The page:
students. This event is completely different from the National event.
While the NZCC event caters in general to existing croquet players, the
Wellington organizers place much more emphasis on getting the numbers through
the gate; almost all the players are first-time competitors.. The
association aims to give a taste of croquet to as many as possible in
the hope that within 5, 10, 20, or even 30 years, they will remember
having played and join a club. All the secondary schools (13- to 18-year-
olds) in the region are encouraged to enter one or more teams of 4
players into the competition. Some schools enter up to six teams!
They then play each other (after a brief coaching session) in blocks
during the first term of the year (between Christmas and Easter).
They don't really need much coaching as, being young, they pick up the
Although they are a handful to control (they invent
places you never dreamt of for carrying their clips!) it is a delight
to see the lawns full of such enthusiastic potential. If anyone wants
details on how we operate the event, please contact me. There is no
organized croquet for them during their vacation, unfortunately, and
the biggest challenge for organizers is to get them to join a club after the
competition has finished. This is partly because they are just getting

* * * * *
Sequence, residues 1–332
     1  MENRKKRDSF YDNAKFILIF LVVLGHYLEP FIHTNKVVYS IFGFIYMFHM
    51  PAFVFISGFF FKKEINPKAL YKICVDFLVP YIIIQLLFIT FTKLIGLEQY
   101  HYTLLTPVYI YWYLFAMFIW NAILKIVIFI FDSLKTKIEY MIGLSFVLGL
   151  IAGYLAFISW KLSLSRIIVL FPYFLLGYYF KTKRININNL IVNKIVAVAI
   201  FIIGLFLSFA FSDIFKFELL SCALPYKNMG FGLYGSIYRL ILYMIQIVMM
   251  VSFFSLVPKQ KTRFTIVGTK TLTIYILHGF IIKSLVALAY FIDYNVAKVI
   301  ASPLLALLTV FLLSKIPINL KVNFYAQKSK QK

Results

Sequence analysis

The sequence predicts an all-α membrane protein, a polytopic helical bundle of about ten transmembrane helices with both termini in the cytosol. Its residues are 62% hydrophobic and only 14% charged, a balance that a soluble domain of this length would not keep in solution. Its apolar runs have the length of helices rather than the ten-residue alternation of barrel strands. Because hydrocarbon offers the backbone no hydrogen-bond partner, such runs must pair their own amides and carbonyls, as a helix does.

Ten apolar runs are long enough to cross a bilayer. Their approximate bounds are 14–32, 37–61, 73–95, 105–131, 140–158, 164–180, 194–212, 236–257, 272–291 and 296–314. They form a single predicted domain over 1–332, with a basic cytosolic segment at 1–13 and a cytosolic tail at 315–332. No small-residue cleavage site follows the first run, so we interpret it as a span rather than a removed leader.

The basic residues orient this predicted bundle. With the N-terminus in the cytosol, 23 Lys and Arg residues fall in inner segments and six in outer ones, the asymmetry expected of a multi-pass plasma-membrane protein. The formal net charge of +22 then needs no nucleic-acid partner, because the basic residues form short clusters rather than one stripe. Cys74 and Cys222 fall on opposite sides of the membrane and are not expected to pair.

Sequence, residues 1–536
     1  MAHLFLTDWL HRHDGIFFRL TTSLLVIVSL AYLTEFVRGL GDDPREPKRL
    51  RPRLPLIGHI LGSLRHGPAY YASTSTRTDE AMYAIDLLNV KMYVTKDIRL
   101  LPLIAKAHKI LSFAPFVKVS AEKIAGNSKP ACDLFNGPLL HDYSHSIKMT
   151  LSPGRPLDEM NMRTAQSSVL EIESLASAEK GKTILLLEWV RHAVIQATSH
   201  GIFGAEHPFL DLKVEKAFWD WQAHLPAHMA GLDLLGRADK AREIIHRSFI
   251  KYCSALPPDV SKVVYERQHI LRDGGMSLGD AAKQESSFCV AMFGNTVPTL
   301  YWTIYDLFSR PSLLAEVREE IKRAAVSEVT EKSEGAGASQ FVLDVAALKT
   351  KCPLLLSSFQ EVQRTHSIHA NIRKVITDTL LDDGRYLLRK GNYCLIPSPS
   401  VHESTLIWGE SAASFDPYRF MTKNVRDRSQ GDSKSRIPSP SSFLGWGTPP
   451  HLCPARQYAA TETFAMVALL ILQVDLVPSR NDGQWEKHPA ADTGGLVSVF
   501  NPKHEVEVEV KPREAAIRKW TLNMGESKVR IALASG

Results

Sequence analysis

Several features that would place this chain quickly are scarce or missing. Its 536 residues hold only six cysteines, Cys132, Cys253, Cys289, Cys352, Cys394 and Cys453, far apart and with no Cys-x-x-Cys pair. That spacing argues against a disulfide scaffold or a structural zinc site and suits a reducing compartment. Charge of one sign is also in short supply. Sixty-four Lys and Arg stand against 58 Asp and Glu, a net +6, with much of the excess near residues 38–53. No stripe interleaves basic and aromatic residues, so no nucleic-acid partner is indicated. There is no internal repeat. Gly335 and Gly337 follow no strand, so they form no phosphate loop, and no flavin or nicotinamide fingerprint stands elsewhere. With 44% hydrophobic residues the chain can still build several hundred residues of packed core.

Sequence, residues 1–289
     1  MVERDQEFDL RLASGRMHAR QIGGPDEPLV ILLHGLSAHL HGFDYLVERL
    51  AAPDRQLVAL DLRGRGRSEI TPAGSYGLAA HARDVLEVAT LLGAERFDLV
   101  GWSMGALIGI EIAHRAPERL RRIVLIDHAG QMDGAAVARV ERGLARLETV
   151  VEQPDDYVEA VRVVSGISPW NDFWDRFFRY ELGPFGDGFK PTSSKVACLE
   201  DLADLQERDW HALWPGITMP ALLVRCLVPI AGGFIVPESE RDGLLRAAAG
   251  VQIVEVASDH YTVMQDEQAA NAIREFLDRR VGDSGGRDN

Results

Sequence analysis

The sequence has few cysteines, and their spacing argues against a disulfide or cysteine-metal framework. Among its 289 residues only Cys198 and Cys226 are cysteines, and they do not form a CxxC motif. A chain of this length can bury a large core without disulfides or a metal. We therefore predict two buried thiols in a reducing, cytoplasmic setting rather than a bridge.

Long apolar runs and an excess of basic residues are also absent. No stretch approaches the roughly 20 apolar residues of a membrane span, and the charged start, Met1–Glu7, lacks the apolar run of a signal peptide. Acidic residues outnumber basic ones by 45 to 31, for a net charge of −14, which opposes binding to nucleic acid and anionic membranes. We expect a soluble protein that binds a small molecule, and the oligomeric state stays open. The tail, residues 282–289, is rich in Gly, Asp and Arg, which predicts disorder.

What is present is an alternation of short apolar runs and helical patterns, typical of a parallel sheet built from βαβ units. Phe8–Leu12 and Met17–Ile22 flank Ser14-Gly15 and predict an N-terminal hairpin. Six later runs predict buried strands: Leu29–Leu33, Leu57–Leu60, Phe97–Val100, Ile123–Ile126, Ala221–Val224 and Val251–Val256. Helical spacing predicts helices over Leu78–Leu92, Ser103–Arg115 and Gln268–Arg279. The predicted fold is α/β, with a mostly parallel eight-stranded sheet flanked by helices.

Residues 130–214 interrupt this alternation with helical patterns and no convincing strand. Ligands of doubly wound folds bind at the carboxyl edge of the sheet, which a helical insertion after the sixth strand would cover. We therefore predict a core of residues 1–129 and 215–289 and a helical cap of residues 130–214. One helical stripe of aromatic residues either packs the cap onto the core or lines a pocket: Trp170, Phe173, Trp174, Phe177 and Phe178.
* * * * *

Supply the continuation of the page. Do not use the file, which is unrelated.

interested when the croquet season is coming to an end.
The expanding reach of the Internet can only help in croquet's outreach to
younger players. While NZ has yet to see its first "Web Baby", I think
conception may have occurred, and NZ will doubtless give birth before too
LEADING PLAYERS DEVOTE MUCH TIME TO COACHING YOUNGSTERS
Pre-season coaching clinics have been held nationwide and were well
attended, usually running over a weekend. They are designed to
provide an incentive to players of the middle grades to improve their
game over the coming season. Generally they are run by some of the
leading players (I did one in Nelson) and are loosely based on the
excellent NZCC coaching manual written by John Prince. Often included
are useful sessions on nutrition and sports psychology given by
experts in these fields. I concentrated on starts, leaves and
finishing (having done break play with them last season).
As a coach, I find one of the most difficult tasks is to persuade players
their way of doing things is not necessarily the only way - and there
may even be better ways! Without telling them they are completely
crazy, one has to try and coach (or coax) them out of their bad habits
into more orthodox ways. (Then, of course, one has to teach them NOT
to be orthodox and boringly predictable all the time!) For example,
at Nelson I went through the theory of all the different starts - from
the normal one over by the 4th hoop followed by the 12-yard tice, to putting
the first ball in the middle of the lawn. One or two players
asked about laying the 12-yard tice with the FIRST ball. I gave an
appropriate answer (as politely as I could). We then went out on the
lawns to practice the various starts and - you guessed it - they started with
a 12-yard tice every time!
If younger players make the same mistakes all beginning players make, they
seem to learn from them quickly and discard them more easily than most.
An early start is an advantage in every sport, including croquet. The
early start we are giving youngsters in New Zealand may be the key to
bringing the Shield back to New Zealand in the year 2000.